October 2010

[JBC] Proteolysis Protection of CFTR

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Wild-type, but not ΔF508 CFTR, inhibits the proteolysis of ENaC by matriptase.

Mutations in the cystic fibrosis transmembrane conductance regulator that prevent its proper folding and trafficking to the cell membrane are the cause of cystic fibrosis, which is characterized by poorly hydrated airway surfaces and difficulty breathing due to defective chloride secretion. In addition to defective Cl− export, CF airway cells also undergo excessive Na+ absorption, which exacerbates these conditions. However, the molecular link between missing CFTR and increased Na+ absorption has remained elusive; evidence implicates hyperactivity of the epithelial Na+ channel, though some suggest that such findings merely are electrophysiological or expression-related artifacts. In this study, the authors confirm that ENaC and CFTR physically interact and also show that wild-type CFTR protects ENaC from proteolytic cleavage and stimulation of open probability; in contrast, the common CF mutant ΔF508 failed to protect ENaC from proteolytic cleavage and stimulation. The authors followed up these observations in Xenopus oocytes with studies in human-airway epithelia, finding that ENaC associates with the anti-CFTR immune precipitate in healthy cells, whereas in CF cultures, the proportion of full-length ENaC protein was reduced consistently. This study provides solid evidence for a potential mechanism for CFTR-dependent down-regulation of Na+ absorption, which may help resolve the outstanding debate.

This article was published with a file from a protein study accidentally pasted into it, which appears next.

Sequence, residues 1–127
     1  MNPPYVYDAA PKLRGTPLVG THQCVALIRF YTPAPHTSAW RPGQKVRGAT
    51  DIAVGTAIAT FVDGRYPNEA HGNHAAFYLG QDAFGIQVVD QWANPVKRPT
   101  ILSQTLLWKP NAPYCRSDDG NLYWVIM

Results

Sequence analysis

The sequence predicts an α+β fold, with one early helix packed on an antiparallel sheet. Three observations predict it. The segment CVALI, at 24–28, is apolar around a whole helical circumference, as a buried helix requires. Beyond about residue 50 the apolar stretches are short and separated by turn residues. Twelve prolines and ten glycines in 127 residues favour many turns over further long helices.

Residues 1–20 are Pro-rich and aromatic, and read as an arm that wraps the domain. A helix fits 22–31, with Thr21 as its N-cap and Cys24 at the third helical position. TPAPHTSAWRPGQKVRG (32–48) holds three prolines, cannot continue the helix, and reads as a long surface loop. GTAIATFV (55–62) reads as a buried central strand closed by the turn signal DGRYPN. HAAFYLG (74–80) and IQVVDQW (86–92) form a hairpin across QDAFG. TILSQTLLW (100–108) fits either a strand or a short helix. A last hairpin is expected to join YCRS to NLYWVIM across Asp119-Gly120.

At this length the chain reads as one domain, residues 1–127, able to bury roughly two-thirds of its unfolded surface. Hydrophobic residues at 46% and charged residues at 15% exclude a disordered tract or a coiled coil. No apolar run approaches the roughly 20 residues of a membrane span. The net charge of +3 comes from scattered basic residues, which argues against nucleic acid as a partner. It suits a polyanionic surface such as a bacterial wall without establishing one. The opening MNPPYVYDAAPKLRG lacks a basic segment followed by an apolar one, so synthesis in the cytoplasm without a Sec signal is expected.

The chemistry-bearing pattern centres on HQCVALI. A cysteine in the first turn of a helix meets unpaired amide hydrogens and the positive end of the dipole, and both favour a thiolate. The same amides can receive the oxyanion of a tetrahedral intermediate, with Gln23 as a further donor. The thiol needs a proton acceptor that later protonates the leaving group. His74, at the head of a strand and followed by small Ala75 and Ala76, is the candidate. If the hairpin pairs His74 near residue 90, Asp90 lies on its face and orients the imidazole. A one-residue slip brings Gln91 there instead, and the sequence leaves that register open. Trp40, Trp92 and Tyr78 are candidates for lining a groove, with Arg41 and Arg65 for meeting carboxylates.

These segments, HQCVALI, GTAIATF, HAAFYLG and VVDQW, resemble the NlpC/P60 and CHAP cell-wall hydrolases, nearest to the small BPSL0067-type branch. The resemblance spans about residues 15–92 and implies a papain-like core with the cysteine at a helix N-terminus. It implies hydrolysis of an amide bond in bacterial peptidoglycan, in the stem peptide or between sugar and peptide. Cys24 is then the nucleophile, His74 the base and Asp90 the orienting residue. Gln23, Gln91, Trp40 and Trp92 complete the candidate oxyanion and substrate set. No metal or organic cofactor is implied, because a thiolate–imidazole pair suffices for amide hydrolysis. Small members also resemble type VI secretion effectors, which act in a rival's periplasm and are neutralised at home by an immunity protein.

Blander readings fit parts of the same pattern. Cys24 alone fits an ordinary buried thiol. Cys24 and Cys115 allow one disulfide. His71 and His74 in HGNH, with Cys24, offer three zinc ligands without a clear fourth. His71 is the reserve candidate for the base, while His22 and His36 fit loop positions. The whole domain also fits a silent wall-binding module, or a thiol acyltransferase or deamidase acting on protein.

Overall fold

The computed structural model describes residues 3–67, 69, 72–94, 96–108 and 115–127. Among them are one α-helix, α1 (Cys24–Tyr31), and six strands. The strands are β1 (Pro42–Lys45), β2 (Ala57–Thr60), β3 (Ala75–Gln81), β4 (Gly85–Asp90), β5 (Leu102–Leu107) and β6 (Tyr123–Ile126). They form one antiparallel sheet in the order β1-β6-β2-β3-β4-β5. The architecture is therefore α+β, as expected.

The Cystic Fibrosis Transmembrane Conductance Regulator Impedes Proteolytic Stimulation of the Epithelial Na+ Channel

Martina Gentzsch, Hong Dang, Yan Dang, Agustin Garcia-Caballero, Hamsa Suchindran, Richard C. Boucher and M. Jackson Stutts

J. Biol. Chem., published online Aug. 13, 2010 


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